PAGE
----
Perioperative Hypotension and Cardiovascular Events

Another study adds to the now established theme that perioperative hypotension increases cardiovascular events and does so independently of the degree of coronary artery disease.

Hypotension is defined in this study as systolic blood pressure < 90mm Hg for at least 10 mins. Other studies have also used mean arterial pressure < 65.

The nuances show the effects were additive if not multiplicative. There was insufficient evidence that perioperative hypotension may have less deleterious cardiovascular effects in patients with a lesser degree of coronary artery disease compared to greater coronary artery disease.

“These data support efforts for the prevention, monitoring, and treatment of perioperative hypotension regardless of the presence or absence of significant coronary artery disease”.


Intraoperative Controlled Hypotension and Acute Kidney Injury

This was a retrospective study (immediate caveat!) on total hip arthroplasty under neuraxial anesthesia with intraoperative controlled hypotension (MAP < 60).

Acute kidney injury occurred in 45 (1.85%) of the 2431 patients in this cohort. Longer duration of hypotension was not associated with increased odds of postoperative AKI. Preexisting differences, such as compromised renal function, best predicted increased odds of AKI.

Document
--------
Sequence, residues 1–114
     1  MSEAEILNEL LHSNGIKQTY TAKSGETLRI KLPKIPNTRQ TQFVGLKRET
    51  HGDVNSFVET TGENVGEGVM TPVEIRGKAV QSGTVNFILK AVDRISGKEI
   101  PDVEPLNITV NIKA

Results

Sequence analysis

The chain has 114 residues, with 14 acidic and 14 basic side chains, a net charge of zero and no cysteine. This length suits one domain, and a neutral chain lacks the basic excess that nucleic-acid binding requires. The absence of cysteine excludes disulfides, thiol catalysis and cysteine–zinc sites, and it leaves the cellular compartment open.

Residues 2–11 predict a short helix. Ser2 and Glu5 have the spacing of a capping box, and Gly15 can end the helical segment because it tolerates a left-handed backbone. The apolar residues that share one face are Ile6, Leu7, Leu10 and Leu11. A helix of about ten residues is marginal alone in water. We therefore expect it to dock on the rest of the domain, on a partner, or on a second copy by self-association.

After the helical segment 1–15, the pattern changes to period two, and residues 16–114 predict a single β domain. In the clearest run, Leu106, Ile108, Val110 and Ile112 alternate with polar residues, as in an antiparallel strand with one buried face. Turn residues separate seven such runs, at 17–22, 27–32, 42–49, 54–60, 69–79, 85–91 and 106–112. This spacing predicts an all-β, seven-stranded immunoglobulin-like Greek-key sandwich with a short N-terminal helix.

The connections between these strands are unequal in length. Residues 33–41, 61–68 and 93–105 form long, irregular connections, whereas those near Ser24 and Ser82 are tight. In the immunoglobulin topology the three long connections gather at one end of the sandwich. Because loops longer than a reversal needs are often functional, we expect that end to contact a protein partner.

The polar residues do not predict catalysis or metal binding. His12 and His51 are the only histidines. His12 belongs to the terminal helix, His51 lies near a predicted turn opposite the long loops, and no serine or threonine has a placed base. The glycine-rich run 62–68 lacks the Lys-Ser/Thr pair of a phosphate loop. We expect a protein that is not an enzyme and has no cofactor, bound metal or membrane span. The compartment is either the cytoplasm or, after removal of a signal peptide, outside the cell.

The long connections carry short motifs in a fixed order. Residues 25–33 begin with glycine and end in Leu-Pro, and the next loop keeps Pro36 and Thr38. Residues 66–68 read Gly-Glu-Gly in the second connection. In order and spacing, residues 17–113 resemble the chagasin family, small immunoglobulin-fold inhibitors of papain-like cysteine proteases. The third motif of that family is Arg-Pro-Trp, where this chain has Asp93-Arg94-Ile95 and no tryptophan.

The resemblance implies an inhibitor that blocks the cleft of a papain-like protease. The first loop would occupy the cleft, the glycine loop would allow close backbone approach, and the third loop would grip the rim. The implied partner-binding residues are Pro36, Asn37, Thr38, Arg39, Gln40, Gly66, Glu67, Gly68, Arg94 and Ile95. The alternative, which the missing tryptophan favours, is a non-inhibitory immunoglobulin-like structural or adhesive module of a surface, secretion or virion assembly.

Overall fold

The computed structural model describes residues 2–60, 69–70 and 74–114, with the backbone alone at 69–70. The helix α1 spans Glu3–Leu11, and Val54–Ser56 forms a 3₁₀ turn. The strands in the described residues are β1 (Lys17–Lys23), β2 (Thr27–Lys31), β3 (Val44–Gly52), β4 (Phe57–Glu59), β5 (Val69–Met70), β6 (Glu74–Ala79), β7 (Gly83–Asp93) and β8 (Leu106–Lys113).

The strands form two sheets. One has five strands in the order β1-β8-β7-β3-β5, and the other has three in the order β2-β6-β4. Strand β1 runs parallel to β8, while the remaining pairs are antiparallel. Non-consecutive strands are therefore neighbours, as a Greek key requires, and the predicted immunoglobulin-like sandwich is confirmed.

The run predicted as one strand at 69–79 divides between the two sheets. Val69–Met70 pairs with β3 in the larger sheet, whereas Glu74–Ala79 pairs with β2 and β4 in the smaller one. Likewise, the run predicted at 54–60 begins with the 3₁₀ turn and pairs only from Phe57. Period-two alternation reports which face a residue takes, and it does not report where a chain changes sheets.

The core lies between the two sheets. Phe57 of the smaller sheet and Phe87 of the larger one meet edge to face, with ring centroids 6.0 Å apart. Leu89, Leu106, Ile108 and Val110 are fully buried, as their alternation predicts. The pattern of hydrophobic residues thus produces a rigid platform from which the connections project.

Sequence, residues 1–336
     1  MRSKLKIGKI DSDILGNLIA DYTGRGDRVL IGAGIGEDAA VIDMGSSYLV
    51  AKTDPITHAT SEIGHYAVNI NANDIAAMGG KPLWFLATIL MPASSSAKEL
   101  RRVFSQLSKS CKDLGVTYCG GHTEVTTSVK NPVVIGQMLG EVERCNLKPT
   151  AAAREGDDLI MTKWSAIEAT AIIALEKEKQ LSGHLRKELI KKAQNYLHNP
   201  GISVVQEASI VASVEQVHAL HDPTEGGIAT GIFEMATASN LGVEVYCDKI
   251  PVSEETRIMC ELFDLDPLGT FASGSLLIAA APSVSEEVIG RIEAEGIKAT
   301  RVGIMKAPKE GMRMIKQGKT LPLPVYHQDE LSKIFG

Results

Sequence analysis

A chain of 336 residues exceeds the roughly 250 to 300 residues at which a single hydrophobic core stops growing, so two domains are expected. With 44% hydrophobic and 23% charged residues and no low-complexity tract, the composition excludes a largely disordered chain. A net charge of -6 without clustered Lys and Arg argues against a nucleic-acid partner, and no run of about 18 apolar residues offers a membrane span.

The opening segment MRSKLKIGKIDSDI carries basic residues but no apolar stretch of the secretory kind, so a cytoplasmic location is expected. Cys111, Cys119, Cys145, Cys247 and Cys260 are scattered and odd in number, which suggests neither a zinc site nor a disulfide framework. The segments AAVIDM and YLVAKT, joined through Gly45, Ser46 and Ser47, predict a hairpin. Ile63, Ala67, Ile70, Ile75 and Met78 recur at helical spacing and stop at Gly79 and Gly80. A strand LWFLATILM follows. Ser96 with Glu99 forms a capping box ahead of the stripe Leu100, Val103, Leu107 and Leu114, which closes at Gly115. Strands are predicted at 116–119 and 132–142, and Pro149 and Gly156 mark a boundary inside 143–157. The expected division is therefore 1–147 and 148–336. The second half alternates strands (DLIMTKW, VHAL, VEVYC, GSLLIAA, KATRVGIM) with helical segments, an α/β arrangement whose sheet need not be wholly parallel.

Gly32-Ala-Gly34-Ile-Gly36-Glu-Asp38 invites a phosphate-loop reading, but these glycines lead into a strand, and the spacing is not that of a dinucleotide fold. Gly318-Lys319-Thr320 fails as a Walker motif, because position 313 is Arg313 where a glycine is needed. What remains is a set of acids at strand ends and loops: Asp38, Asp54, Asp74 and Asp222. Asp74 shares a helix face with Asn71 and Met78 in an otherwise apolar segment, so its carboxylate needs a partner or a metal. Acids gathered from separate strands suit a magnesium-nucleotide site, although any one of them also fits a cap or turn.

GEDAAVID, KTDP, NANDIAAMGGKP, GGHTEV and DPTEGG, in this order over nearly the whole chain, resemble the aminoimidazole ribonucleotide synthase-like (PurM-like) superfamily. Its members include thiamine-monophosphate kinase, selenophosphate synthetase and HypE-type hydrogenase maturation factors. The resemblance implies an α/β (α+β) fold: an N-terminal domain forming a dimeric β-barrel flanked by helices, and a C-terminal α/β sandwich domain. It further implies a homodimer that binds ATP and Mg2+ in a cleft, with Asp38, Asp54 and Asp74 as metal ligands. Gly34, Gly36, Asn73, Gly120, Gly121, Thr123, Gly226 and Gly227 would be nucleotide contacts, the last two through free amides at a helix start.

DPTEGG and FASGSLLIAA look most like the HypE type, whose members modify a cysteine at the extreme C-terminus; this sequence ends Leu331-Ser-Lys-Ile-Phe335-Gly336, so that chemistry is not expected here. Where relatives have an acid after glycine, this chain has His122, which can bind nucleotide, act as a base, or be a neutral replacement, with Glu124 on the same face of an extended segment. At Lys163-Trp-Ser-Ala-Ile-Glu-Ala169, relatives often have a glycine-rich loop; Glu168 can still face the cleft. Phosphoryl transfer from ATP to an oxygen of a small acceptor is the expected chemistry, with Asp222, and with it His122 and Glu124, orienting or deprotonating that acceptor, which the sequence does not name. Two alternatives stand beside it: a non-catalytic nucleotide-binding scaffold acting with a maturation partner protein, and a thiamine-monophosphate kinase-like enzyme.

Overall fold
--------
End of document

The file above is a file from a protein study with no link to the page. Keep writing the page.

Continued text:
The authors speculate that inadvertent and controlled hypotension may be different. Hypotension may have surgical benefits but this study should be interpreted with caution in view of the known evidence on the cardiac, renal and mortality associations ( link ).

Methylprednisolone for AKI in Cardiac Surgery

A sub study of a randomized trial finds: “Intraoperative corticosteroid use did not reduce the risk of acute kidney injury in patients with a moderate-to-high risk of perioperative death who had cardiac surgery with cardiopulmonary bypass. Our results do not support the prophylactic use of steroids during cardiopulmonary bypass surgery”.


A previous review casts doubt on the use of steroids for various purposes in cardiac surgery, finding that they had “an unclear impact on mortality, increased the risk of myocardial injury, and the impact on atrial fibrillation should be viewed with caution given that large trials showed no effect”. link

Dexamethasone in Surgical Patients

Dexamethasone use as an anti-emetic has become near universal in anesthesia practice. This systematic review sought to ascertain whether it causes adverse side-effects.

The primary outcomes were postoperative systemic or wound infection, delayed wound healing and glycemic response within 24 h.

No link to wound infections was found, while it was unclear whether it affected wound healing. Mild increases in glucose within 12 hours occurred (mean difference 0.7mmol/L).